My friend has cancer

How will I cope without her?

It will take some time to adjust, says our elder, but now it’s your turn to be there for your friend.

Dear EWC

I have a friend that called me this morning and said, “I have breast cancer.” It completely shattered my heart but at that time I was only half awake. It hit around 10 when I was fully awake and then I had like three mental breakdowns. What if she doesn’t make it through surgery? What if I lose her? What if the treatment doesn’t work? I can’t lose her — she is my rock; she’s been with me since day one. I go to her for everything. I can’t live without her. Then after the surgery I won’t see her for a few months. Which is gonna kill me because I need to be able to see my best friend and talk to her. I feel like I’m pushing everyone away because I’m just so upset about this. I also feel as this will affect my school work because I can’t do anything without thinking about her and her well being. Then I burst into tears. I don’t know what to do anymore. Please help.

Grammy-Annie replies

I am so sorry you are struggling with this. The shock is understandable. It may take you a little while to adjust to the idea. Then you need to be strong for your friend. She has been your rock. She has been there when you needed her. Now it’s your turn to be there for her. It won’t help anyone for you to express your fears to her. I am sure whatever you have to say, she has already thought of. Most of all, don’t let your fear push you away from her.

Try to find out as much about her condition as you can. What kind of breast cancer does she have and what stage is it? Then start researching treatments. It’s 2019. Treatment has come a very long way since the 60s when my grandmother was diagnosed. There are many different kinds of treatments and even the old stand-bys have much less horrific side effects. I don’t know why you won’t see her until after the surgery, but it always helps if you can stay in close touch. Research has shown that every cancer victim who has a “co-patient” does much better. A co-patient is someone who goes to all of the doctor appointments, treatments, tests etc with the patient. Apparently you can’t be this person. But if you can talk to her every time she has treatment or tests, you can help to encourage her. Her mental attitude is all-important at this time. You can help her to fight and remind her of all the reasons there are to live. These things often make a difference in the fight against cancer.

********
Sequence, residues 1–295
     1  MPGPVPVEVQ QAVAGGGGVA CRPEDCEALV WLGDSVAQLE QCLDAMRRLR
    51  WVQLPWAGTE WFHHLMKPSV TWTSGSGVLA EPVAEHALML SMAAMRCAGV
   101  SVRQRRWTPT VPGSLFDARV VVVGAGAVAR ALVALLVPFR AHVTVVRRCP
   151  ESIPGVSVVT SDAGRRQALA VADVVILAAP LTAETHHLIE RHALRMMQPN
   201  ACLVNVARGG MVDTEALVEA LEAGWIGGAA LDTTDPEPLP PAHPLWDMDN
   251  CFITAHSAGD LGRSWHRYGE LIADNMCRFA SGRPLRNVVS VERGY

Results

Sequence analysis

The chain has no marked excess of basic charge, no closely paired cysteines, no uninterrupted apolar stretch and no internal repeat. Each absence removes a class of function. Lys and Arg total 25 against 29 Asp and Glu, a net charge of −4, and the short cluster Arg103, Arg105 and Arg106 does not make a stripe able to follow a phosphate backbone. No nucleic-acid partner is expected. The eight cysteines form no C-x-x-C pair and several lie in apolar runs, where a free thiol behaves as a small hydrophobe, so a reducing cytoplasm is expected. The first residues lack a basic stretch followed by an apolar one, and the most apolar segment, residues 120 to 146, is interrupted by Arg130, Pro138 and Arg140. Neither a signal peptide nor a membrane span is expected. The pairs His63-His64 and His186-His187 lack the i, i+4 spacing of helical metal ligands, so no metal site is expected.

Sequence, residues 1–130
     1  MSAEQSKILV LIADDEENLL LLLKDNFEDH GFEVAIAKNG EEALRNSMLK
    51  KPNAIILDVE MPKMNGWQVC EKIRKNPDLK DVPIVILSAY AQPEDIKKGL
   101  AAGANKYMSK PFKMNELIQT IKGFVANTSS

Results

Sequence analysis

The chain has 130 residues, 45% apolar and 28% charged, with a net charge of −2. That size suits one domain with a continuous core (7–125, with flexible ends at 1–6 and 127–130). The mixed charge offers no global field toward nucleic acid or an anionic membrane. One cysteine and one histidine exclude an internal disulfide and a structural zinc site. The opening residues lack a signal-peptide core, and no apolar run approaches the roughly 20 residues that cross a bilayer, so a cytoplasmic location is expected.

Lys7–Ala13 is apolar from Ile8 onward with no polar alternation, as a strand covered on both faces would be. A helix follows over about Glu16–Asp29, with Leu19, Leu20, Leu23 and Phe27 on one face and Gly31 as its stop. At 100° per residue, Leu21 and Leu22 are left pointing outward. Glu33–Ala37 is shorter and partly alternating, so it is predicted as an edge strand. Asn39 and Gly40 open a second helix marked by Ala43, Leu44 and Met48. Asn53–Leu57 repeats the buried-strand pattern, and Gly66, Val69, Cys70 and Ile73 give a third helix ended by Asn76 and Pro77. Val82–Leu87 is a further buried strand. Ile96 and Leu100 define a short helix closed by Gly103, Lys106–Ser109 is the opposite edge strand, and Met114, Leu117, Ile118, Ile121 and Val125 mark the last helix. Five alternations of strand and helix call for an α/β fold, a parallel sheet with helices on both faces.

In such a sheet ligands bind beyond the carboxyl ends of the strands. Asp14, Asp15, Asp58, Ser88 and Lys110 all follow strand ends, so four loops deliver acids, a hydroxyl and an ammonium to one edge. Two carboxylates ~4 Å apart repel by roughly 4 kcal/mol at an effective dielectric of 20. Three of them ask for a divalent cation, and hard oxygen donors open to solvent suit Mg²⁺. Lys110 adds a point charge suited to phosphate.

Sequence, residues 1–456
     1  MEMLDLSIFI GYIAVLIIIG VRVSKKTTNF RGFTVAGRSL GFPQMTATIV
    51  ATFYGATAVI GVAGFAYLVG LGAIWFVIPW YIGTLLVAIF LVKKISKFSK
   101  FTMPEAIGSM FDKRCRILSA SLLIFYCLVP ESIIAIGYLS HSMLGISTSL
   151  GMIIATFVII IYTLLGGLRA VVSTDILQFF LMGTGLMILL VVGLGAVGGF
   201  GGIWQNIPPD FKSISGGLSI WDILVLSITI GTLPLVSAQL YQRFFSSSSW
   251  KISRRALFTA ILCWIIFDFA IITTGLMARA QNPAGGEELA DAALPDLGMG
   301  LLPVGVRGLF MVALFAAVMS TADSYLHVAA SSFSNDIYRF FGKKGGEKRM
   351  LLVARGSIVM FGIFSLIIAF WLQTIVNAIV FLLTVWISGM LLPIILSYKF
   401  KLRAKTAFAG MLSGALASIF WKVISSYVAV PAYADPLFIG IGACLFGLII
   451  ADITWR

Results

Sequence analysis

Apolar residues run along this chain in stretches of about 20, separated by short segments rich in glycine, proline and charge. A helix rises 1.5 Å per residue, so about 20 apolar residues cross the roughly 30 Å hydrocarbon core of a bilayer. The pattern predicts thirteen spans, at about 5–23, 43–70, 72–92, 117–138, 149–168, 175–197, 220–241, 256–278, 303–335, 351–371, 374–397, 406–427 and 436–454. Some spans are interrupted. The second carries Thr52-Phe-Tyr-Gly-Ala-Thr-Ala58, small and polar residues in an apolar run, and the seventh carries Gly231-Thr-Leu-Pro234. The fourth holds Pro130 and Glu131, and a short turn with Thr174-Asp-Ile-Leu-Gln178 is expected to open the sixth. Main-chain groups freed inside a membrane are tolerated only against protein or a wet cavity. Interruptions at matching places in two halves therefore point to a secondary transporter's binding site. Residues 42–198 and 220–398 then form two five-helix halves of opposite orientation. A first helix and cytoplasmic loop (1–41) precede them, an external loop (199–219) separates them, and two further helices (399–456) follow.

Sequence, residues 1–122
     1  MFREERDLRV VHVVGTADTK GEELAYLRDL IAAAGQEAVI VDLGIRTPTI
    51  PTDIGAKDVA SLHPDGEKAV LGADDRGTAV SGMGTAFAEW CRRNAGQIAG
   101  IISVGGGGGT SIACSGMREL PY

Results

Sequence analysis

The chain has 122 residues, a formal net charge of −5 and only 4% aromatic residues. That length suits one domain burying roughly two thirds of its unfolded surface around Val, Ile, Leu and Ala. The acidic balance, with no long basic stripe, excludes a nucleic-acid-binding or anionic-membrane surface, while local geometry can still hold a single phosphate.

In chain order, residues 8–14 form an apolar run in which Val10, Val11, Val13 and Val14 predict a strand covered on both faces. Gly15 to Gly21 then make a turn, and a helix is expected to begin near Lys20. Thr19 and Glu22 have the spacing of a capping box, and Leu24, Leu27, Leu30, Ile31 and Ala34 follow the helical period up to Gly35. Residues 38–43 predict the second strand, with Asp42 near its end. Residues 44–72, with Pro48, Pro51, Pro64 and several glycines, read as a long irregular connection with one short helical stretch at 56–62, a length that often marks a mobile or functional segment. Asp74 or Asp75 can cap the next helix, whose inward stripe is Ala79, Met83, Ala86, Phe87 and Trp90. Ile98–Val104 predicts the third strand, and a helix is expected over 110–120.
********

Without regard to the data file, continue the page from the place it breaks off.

Don’t let your fears run away with you. None of us have any control over these things. The number of our days on this earth is written down somewhere and none of us know what that number is. She could survive cancer and get hit by a bus. She could survive cancer and you could get hit by a bus.
How do you think it would make her feel if she knew that her illness was affecting your schoolwork? You need to show her that because of her friendship, you have become the kind of person who can take care of your own responsibilities and be there for her too. Have you asked yourself how you would want her to react if the situation were reversed? If you were sick and she fell apart, it would make you feel even worse.

With today’s technology and social media, try to come up with a plan that will allow you to talk to her, even face-to-face, as often as possible. She will be OK as long as she knows you will be OK. So come up with a plan to keep in touch with her regularly. Can you be there with her for the surgery? Find out as much as you can about her disease and her options so you can have an intelligent conversation with her if the subject comes up.
Right now your fears are about you. What will I do without her? That is perfectly normal and understandable. But now is the time to toughen up and start thinking about what you can do for her. Nothing you can do, nothing she can do, will change what is in the future. But you can make sure that the here and now is as great as possible, and help her to deal with the future, whatever that is.

I know this is hard. I lost my husband to cancer a few years ago. One of his favorite sayings was, “Ain’t none of us gettin’ out of here alive”. I don’t know how old you are, but I assume that you are young, probably a teenager. If we are lucky, and the Fates are kind, most of us have a lot of years to get used to the idea that everyone we love, those who love us and even we, will die one day. Sometimes, we get hit between the eyes when we lose someone in an untimely manner. When my husband was fighting cancer, we would often say to one another, “We cannot know what lies on the road ahead, but whatever it is, we will handle it”. You need to know that in your heart. Whatever happens, you will handle it, and you will help your friend face whatever lies ahead.
Good luck, dear. Please write again if we can help.

Letter #: 434036
Category: Friendship

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